Book trailers have been around for a while but it is only in the last 18 months that they have started to catch on in the world of YA fiction. When I saw my first book trailer about three years ago, I was captivated. My mind started exploding with possibilities for using them in the classroom. I was a little disappointed to see (even 12 months ago) that they were being used somewhat sporadically by children’s and YA publishers. However, I have noticed a slight increase in their use in the last 6 months (especially with Australian publishers), which can only be good news for Aussie teachers and their students.
So, how do I use them in the classroom? Firstly, I wish I had a book trailer for every book I share in the classroom. Not because I am not good at selling stories the old fashioned way. I enjoy the ‘tried and tested’ methods for book promotion such as verbally introducing the book and providing a short informal review, reading the blurb or reading a page or chapter from the given book. For a teacher, book trailers allow you to engage students in the act of reading without you even opening your mouth. Book trailers offer another ‘voice’ in the classroom, and though I hate to admit it, for our visual learners, it is one which is far more enticing than anything I can provide. As I have already alluded to, book trailers don’t replace the other methods for book promotion, they serve to enhance traditional teaching practices. Used on their own, at best they probably provide only a few moments of entertainment and are quickly forgotten. Sure, they may encourage some of your more intrinsically motivated students to read the story, but the more reluctant readers will still need you to provide your personal recommendation to help them get off their seat and borrow the book.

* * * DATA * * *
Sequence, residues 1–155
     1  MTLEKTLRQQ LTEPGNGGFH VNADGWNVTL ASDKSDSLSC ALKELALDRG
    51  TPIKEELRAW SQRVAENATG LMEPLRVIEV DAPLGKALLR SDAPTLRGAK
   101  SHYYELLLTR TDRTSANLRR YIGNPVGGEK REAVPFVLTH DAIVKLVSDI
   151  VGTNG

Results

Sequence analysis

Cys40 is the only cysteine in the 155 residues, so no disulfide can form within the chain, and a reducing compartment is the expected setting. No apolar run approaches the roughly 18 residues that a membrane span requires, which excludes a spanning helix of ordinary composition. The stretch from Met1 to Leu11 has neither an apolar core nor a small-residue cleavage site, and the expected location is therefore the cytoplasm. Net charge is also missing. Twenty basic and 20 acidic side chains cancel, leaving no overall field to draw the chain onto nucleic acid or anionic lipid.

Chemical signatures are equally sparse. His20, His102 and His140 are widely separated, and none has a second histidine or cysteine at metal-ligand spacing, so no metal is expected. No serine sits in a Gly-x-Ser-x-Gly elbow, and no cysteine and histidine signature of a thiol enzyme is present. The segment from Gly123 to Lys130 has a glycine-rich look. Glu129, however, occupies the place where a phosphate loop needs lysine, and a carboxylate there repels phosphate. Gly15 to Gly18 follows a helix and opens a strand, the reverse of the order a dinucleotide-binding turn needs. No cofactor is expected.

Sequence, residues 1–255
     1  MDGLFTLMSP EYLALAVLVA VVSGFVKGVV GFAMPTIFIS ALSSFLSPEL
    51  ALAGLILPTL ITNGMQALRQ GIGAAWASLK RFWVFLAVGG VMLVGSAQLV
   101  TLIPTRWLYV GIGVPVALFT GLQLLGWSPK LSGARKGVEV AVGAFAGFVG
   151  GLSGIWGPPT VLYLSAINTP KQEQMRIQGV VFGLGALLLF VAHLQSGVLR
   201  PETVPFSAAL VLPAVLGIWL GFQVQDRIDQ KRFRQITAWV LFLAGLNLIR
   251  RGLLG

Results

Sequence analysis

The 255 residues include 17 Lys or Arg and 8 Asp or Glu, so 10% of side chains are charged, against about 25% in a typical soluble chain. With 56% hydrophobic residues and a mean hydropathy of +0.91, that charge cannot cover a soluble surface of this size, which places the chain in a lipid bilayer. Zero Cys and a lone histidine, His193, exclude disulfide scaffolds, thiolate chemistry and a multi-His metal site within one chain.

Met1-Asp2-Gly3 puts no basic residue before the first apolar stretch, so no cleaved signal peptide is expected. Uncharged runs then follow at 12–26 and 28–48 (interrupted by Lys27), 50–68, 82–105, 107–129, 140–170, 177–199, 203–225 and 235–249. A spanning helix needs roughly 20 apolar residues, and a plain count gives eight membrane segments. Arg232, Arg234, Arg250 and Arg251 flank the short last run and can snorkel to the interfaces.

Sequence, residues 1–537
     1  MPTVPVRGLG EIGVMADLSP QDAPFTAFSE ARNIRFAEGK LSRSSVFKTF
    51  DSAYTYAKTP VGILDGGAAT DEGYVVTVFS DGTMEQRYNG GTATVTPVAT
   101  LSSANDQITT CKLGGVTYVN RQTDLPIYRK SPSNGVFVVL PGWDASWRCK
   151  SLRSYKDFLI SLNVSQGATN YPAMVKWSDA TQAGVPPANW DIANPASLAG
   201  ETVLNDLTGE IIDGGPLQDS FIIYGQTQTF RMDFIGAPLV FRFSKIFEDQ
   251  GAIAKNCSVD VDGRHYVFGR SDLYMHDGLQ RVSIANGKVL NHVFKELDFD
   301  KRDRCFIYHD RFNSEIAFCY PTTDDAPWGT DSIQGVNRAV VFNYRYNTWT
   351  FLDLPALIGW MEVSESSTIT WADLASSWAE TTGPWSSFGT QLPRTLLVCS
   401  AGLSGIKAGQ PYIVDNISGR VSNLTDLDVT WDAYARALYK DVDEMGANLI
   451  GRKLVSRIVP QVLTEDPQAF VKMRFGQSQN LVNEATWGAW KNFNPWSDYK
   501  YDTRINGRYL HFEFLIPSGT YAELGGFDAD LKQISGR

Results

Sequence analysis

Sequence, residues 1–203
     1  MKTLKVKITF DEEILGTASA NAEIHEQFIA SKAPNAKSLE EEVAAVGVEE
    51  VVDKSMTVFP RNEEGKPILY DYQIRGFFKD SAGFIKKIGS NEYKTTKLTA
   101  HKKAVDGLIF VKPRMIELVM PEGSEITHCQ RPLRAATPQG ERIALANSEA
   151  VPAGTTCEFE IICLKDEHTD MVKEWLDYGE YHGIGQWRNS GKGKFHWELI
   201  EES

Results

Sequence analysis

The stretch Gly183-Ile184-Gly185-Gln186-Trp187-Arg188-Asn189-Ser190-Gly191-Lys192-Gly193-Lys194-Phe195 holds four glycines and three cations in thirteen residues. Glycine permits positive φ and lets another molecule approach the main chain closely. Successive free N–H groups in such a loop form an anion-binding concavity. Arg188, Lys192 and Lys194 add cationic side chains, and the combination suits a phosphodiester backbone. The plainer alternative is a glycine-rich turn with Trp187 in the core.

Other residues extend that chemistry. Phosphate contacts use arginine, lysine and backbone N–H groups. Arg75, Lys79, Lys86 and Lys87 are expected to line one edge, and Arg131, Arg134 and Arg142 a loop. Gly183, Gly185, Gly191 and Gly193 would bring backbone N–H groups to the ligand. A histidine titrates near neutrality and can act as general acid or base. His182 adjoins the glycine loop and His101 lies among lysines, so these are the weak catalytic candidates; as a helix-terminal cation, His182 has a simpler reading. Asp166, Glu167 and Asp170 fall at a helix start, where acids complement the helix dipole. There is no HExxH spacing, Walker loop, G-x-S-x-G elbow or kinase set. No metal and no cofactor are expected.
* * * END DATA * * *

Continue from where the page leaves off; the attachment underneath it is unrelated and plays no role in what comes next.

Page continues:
I started using book trailers at the beginning of my independent reading lesson in the library and the students responded very positively to them. I made sure that I had copies of the given title available for borrowing, along with other similar titles and books by the same author. I rarely share a book trailer for something that I have not read myself. I am guided by two basic principles; that I should do as I say (that is read and read lots) and that if I am sharing something it is because it is worth reading. However, not all teachers have the benefit of a weekly reading lesson in the library. I also experimented with using a trailer as a short filler at the end (or beginning) of a lesson. Trailers are universally short and most are under 2 minutes. It is therefore no problem to show a trailer and speak briefly about the title in under 5 minutes. Similarly, it is also quite useful to share trailers in online groups and class moodles. Edmodo allows you to do this easily and students can comment immediately on what they have viewed or this might be followed up in class the next day.
Once students have become familiar with book trailers you could even give them the opportunity to prepare a book trailer of their own for something they have read independently. This is a great way to avoid the traditional book report whilst highlighting the importance of using words succinctly to entertain and entice an audience. Students have had success using programs such as software installed on their pc or mac but there are some great apps available that can make this even easier. If you pop onto youtube you will also find many examples of student created book trailers that you can show as text models.
My message is simple, if you locate a book trailer for a great novel, don’t hesitate to use it in the classroom. If you are a publisher of books for children (especially YA fiction) please create these for every book on your list. Teachers will use them and they definitely help to promote stories (and ultimately sell them).